Unitarian Universalists


Faith Fights Food Waste provides free resources to learn, and then speak about the staggering amount of food that goes to waste. Help your congregation learn what their faith says about food waste with the resources on this page, which include faith-specific calls to action, videos, and a Unitarian Universalist sermon.

    This program is free because of our generous funders. Before you get started, we’d really appreciate it if you’d sign up and tell us a bit about yourself.

  1. Learn more about food waste. Includes background info, links to helpful sites and videos.
  2. Download your sermon – yours to revise as needed.
  3. Select your calls to action – choose what will work in your community.
  4. Optionally download material for your religious school and your newsletter.
  5. Give your sermon.
  6. If you have a food pantry, make sure that it is signed up at AmpleHarvest.org to be able to receive excess locally grown fresh food. It’s free, and the food pantry does not need additional refrigeration or storage. It’s an excellent way to reduce food waste and help feed the hungry in your community.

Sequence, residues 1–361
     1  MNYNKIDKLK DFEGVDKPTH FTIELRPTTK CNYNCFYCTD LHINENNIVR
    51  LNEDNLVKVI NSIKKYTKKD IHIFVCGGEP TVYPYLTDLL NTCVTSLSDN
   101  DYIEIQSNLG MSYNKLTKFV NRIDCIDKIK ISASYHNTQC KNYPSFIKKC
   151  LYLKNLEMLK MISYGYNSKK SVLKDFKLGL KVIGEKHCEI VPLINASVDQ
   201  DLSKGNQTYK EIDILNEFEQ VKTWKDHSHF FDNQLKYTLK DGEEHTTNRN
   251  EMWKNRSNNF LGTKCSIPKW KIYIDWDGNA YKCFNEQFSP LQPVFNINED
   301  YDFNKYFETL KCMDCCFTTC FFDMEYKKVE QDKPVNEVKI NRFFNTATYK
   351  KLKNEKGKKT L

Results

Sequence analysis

7. Follow-up. Please take a moment to let us know tell us how it went.

1. Learn about the problem of food waste.
A quick and a more in-depth document, links and videos

A First Look at Food Waste

This is the easier document

Food waste is a massive problem of multiple dimensions – both domestically and across the globe—and it impacts both developed countries and developing countries.

Estimates of the level of food waste are staggering. Globally, a recent report by the Institution of Mechanical Engineers estimates that 30-50% of all food produced (between 1.2 and 2 billion tons) is lost before being consumed by humans.

Read more…

Food Waste in America—A Current Conundrum

This is the more in-depth document

Picture this: You’re up early on a weekend morning at your favorite grocery store, looking to get a jump start on your weekend. Virtually the only person in the store a few minutes after six AM, you head back to the meat department to get the main course for a special meal that night. You immediately notice a store employee pulling multiple packs of high-grade meat off the shelves – ribs, filets, steaks and ground beef – and tossing them into a rolling cart. With a sinking feeling, you ask “Are you throwing all of that out?” “Yes,” he replies, “It’s past its sell-by date.” Stunned, you ask, “Don’t you donate any of that?” “No, we don’t do that, we don’t want anyone suing us,” he answers.